Bidenflation has hit every sector of the economy, however, because of the huge spike in petroleum and natural gas prices it has hit agriculture especially hard, putting a traditional Thanksgiving dinner out of reach for many of America’s working families.
The USA Today network reports New York Farm Bureau’s informal 2022 Market Basket Survey shows a traditional holiday dinner will cost you more than last year's meal did.
The average total price, which includes a 16-pound turkey and other common items found on a holiday dinner table, is $66.39, about a 26% increase over last year’s price of $52.59. The Farm Bureau’s volunteer shoppers found turkey prices to be about $1.89 per pound in New York, which is 43 cents per pound over last year’s average price. This price is slightly above the national average of $1.81 per pound although turkey prices may drop in the stores as the holiday nears, according to the Farm Bureau.
This dinner price represents the greatest increase since the survey began more than three decades ago.
Nationwide, the price increase is more like 20% CNN reported, citing American Farm Bureau Federation data.
A feast for 10 with 12 menu items including a turkey, stuffing, cranberries, and pumpkin pie mix will cost $64.05 on average — up $10.74 from last year. That breaks down to about $6.50 per person, according to the Farm Bureau’s annual survey.
Every Thanksgiving meal item tracked by the Farm Bureau rose in cost this year, except for one: cranberries. A 12-ounce bag of fresh cranberries dropped by 14% to $2.57. The biggest price increases were on stuffing, which is up a whopping 69%, and pie crusts and whipped cream — both up 26%, the survey said.
The Farm Bureau also priced out an “expanded holiday menu” with additional items: ham, Russet potatoes, and frozen green beans, which would add an additional $17.25 to a meal for 10.
The survey was conducted by 224 volunteer shoppers who checked prices in person and online at grocery stores across all 50 states and Puerto Rico from October 18-31. The shoppers looked for the best possible prices without using coupons or shopping deals, the Farm Bureau said. Shoppers in the western part of the country saw the highest prices while those in the South found the most affordable Thanksgiving menu items.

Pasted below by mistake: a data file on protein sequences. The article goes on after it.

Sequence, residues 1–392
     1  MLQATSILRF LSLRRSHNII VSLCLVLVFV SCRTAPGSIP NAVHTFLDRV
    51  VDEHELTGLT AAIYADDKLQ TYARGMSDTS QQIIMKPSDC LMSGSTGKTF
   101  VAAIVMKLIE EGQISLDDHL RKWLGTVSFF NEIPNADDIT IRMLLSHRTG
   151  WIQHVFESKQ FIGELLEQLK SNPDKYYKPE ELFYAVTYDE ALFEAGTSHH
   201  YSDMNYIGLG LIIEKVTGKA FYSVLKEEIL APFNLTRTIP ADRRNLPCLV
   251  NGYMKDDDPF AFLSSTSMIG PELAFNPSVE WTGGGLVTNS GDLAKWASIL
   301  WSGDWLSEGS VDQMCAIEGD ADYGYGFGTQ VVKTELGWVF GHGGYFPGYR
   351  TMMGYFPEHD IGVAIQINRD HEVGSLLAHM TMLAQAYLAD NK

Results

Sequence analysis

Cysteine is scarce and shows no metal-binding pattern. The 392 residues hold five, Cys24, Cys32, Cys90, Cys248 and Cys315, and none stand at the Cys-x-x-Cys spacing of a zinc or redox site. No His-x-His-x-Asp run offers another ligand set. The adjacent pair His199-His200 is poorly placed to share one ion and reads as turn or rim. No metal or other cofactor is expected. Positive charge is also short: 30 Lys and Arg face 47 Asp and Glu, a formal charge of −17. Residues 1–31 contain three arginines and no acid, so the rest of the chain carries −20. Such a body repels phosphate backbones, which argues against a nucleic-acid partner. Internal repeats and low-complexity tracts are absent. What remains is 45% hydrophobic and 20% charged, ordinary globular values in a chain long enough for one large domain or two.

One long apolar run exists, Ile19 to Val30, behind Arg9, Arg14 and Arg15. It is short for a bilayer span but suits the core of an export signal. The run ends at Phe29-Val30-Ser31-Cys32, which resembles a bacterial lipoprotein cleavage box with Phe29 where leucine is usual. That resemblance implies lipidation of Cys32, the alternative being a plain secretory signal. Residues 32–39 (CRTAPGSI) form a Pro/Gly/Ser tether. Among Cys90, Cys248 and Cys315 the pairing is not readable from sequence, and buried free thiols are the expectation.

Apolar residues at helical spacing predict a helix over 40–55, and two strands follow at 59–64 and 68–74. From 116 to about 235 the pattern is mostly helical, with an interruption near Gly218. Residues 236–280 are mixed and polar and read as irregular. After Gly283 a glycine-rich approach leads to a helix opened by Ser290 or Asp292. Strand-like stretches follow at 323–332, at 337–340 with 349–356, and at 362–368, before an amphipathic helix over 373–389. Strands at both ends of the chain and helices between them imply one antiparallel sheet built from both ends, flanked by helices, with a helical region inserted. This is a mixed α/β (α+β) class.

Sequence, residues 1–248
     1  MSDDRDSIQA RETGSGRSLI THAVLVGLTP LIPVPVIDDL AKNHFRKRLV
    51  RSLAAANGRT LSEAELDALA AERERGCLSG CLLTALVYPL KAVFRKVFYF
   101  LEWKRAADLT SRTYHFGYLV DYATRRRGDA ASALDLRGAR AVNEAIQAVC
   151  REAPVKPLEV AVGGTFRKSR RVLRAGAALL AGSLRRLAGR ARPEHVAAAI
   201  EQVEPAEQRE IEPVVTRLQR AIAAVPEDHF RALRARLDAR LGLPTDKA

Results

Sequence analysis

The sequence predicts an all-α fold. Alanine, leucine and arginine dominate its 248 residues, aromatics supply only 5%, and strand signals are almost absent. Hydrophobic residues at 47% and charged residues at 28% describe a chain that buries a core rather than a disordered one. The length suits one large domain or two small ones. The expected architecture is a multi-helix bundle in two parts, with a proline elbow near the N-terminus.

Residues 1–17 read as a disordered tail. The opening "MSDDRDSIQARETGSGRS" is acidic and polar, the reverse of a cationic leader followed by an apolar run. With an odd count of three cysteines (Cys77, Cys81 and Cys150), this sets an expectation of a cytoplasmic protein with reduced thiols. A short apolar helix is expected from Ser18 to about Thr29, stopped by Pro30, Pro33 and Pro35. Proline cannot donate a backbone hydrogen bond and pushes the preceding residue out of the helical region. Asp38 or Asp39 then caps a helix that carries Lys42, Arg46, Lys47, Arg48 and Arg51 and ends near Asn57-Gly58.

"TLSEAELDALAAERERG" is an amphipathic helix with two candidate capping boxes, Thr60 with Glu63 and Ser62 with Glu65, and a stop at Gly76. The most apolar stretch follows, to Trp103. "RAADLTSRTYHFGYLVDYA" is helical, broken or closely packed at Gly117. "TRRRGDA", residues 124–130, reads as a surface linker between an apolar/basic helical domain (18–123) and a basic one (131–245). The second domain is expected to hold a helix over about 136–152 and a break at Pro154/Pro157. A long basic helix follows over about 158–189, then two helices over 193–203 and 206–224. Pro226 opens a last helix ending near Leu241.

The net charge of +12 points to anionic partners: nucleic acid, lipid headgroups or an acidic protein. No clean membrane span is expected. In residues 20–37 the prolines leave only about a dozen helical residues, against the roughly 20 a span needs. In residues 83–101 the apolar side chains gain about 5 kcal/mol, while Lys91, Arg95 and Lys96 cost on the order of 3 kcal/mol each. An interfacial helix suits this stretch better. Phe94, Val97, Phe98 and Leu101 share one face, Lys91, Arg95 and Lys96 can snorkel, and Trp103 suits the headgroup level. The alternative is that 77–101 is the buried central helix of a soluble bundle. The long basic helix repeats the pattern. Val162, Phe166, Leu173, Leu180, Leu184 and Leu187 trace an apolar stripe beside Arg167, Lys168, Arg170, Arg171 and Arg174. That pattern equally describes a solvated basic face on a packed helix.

The price of a 16-pound turkey is $28.96 on average this year, up 21% from 2021, according to the survey. Inflation cooled last month but still remains elevated at 7.7% for the year ending in October.
“General inflation slashing the purchasing power of consumers is a significant factor contributing to the increase in average cost of this year’s Thanksgiving dinner,” said Roger Cryan, chief economist at the American Farm Bureau Federation.
But it is not just traditional Thanksgiving treats that are way up. PBS Newshour reports the cost of groceries rose 13.5% in the past year, the largest increase in 43 years.
When PBS’s Paul Solman asked Michigan State University agricultural economist David Ortega if he’d ever seen anything like this before, Ortega answered “Not in my lifetime, no.”
When asked to elaborate Ortega said:
First, we have the supply chain disruptions from COVID that are still lingering. Those lead to rising energy prices, rising transportation costs, rising labor costs. On average, 16 cents out of every dollar spent on food can be tied back to the farm.
Everything else, the vast majority, has to do with things like processing cost, transportation, the wholesale and the retail trade. And we have seen all of those prices go up.
Among the products cited in the interview:
Eggs are up 40 percent year over year
Wheat and processed wheat products are up just above 20 percent year over year
The cost of butter up close to 30 percent
Nishiki rice brown, previous price, $5.39, retail price $7.49
Coffee is almost 20 percent more expensive than last year
And Alberto Cavallo of Harvard Business School noted a “you just can’t win” phenomenon driven by the inexorable law of supply and demand:
We actually found that the cheaper varieties at the beginning of the pandemic have experienced nearly twice as much inflation as the most expensive varieties. And why is that happening? Well, as people are substituting into cheaper goods, they're increasing the relative demand. And that pushes prices up in this context of very limited supply overall.
But, there is one thing to be thankful for this Thanksgiving. As David Ortega noted in his PBS interview, “Places in North Africa, the Middle East, their food price is surging 20, 30, in some cases, even above 50 percent, so those countries in worse shape than what we have here in the U.S… We also look at regions in the Horn of Africa. They're on the verge of famine, and that's a very critical situation.”
So, while higher prices are busting American budgets, devastating paycheck-to-paycheck households, who spend a higher percentage of their budgets on food, we have the small consolation that at least we can be thankful we’re not as bad off as the Horn of Africa or the Middle East.
Joe Biden economy
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